The goal of the Laboratory Analysis of Returned Samples (LARS) Program is to maximize the scientific return from the samples provided by missions such as Genesis, Stardust, and Hayabusa (see further below) through development of laboratory instrumentation and advanced analytical techniques required for the complete analyses of the samples they return. In addition, this program supports analytical work on samples returned by recent Planetary Science Division missions, including Genesis and Stardust, as well as samples returned by Hayabusa. Proposals solicited under this program include those that seek to develop new analytical instrumentation or combinations of analytical instruments, or new components of analytical instruments, leading to significant improvements in the precision, resolution, or sensitivity of measurements compared to the existing state of the art. Also of interest are proposals for the development of new analytical techniques for existing instrumentation that will push the limits of current technology, for example, by the elimination of analytical interferences or contamination problems. In all cases, both the development efforts and the clear relevance to NASA sample- return missions must be clearly documented in the proposals. Proposals may seek to develop analytical capabilities for future sample-return missions. However, work that addresses the needs of current or selected missions have the highest priority. Some proposals may seek to develop instrumentation and techniques that will be used by only a small number of investigators at a single institution. However, in other instances, the high cost of the instrument and its associated support structure may allow the development of only a limited number of such facilities that must be shared by the entire research community. For these larger and more expensive facilities, proposers should include detailed plans for facility management based on the size of the anticipated user base, including facility oversight, the fraction of time that will be made available to outside users, and the mechanism for allotting such time on a regular basis. In all cases, cost-sharing arrangements in the development of new instrumentation or techniques and evidence of a long-term institutional commitment to the analysis of returned samples will be viewed favorably in the selection process. Collaborations between instrument ￼￼C.18-1 builders and scientists who understand the samples to be analyzed are encouraged. Ongoing laboratory support (e.g., service contracts) will generally not be supported. This program supports analysis of extraterrestrial samples from sample return missions, with the exception of lunar samples, whose analysis is supported by LDAP (C.8) and Solar System Workings (C.3). Also excluded from LARS, but included in the C.2 Emerging Worlds (C.2) program, are analyses of meteorites or cosmic dust, unless these analyses are directly in support of the interpretation of mission data. Returned samples from NASA Planetary Science missions, plus a subset of samples returned by Hayabusa, are allocated by the Astromaterials Curator at NASA Johnson Space Center after approval by CAPTEM and NASA Headquarters. If your proposal requires the use of any returned material, such as that from Genesis or Stardust, please review the information at http://curator.jsc.nasa.gov/ and make a request to the Astromaterials Curator, as described.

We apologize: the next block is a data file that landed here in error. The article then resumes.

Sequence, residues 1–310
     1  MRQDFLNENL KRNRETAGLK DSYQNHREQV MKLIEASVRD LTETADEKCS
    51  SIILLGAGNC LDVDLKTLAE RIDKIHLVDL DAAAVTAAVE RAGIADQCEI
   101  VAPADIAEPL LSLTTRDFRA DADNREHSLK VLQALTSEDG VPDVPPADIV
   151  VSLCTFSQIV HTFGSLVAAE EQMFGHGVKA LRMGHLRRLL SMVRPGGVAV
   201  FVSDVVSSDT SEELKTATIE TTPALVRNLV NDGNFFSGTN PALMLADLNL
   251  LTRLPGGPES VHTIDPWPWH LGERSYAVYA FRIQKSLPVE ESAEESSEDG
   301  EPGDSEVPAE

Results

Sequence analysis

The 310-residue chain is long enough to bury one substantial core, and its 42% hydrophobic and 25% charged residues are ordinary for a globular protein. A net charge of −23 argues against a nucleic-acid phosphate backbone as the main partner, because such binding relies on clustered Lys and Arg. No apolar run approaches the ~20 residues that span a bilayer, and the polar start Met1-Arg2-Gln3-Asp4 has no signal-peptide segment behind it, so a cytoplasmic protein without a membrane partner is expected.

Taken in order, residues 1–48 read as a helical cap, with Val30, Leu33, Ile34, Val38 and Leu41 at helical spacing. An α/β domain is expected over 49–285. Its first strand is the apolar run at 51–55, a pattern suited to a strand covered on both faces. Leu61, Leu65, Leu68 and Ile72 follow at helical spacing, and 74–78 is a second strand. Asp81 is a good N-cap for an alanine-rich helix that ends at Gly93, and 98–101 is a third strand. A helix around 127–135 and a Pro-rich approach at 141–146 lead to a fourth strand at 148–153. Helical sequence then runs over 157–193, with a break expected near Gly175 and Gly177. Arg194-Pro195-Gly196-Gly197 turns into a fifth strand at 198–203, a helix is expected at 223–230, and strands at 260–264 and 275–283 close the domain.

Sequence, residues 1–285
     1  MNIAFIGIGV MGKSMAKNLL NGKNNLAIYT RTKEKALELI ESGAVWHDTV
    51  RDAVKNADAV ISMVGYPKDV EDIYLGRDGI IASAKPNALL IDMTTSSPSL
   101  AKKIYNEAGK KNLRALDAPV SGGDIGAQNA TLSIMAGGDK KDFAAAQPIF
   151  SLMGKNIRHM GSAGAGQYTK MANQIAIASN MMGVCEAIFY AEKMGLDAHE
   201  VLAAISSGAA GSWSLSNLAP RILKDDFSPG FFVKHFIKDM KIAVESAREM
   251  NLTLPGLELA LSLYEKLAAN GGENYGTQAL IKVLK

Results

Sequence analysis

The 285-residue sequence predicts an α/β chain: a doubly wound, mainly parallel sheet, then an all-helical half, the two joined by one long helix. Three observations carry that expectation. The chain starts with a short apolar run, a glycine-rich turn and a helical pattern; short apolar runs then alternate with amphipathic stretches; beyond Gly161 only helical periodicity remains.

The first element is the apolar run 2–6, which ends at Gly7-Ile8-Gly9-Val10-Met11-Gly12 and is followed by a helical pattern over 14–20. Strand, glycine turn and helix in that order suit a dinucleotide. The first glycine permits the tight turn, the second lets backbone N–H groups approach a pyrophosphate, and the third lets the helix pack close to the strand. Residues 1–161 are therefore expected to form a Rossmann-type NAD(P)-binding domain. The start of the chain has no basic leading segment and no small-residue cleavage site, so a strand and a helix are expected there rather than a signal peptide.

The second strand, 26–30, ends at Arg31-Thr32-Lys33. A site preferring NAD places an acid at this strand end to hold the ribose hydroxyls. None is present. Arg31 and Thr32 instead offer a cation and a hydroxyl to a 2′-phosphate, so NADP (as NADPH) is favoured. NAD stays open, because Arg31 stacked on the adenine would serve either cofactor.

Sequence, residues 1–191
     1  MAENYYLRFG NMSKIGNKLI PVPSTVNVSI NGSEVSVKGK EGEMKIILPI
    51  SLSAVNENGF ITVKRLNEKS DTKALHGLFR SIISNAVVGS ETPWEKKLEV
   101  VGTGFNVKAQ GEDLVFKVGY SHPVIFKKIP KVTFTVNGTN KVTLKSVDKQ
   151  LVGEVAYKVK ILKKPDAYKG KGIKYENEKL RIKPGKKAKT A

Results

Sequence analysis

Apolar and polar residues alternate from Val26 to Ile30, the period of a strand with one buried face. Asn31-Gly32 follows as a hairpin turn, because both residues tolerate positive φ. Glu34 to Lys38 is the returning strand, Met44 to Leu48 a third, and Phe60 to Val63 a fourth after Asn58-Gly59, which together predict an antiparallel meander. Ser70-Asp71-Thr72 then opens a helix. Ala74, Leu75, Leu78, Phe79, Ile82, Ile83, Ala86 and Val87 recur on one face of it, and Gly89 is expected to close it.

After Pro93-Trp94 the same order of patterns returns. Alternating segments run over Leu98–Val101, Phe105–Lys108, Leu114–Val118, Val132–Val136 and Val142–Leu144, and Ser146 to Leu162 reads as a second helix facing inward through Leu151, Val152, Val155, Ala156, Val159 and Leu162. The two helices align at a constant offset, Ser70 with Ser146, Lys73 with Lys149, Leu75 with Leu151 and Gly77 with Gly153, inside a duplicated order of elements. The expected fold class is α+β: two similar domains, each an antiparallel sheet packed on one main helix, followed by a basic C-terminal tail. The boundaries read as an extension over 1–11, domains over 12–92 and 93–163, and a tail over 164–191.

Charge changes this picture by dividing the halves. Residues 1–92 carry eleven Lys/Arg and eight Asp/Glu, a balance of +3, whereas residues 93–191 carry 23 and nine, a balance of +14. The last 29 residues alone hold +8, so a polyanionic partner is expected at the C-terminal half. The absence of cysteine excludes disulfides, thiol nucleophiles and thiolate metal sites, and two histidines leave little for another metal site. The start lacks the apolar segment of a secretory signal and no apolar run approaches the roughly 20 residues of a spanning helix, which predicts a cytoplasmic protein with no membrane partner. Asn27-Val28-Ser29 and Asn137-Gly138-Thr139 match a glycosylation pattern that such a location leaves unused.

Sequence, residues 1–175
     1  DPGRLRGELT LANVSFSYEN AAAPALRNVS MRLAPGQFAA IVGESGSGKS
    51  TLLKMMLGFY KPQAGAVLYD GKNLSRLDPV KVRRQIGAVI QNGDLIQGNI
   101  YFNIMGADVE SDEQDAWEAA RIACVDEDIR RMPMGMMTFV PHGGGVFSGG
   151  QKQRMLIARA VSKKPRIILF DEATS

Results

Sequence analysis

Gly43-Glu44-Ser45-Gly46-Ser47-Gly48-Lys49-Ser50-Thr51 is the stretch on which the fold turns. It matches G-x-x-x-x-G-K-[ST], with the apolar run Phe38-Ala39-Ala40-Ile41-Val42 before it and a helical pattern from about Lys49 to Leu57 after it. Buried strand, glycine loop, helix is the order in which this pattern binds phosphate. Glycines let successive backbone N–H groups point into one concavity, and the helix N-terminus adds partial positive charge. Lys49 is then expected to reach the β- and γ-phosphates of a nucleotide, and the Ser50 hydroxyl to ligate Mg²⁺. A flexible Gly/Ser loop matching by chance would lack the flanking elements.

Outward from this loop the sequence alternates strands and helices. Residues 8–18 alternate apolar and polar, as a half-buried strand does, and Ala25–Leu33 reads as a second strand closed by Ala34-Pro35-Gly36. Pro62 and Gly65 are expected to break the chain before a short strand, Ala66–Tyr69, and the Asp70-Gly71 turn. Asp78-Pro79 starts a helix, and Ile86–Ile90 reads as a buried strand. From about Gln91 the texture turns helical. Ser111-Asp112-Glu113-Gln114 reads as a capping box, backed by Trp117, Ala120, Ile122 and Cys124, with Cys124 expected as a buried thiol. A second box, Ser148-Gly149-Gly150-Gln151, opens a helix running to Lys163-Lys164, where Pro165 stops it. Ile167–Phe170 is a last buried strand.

Previous equipment used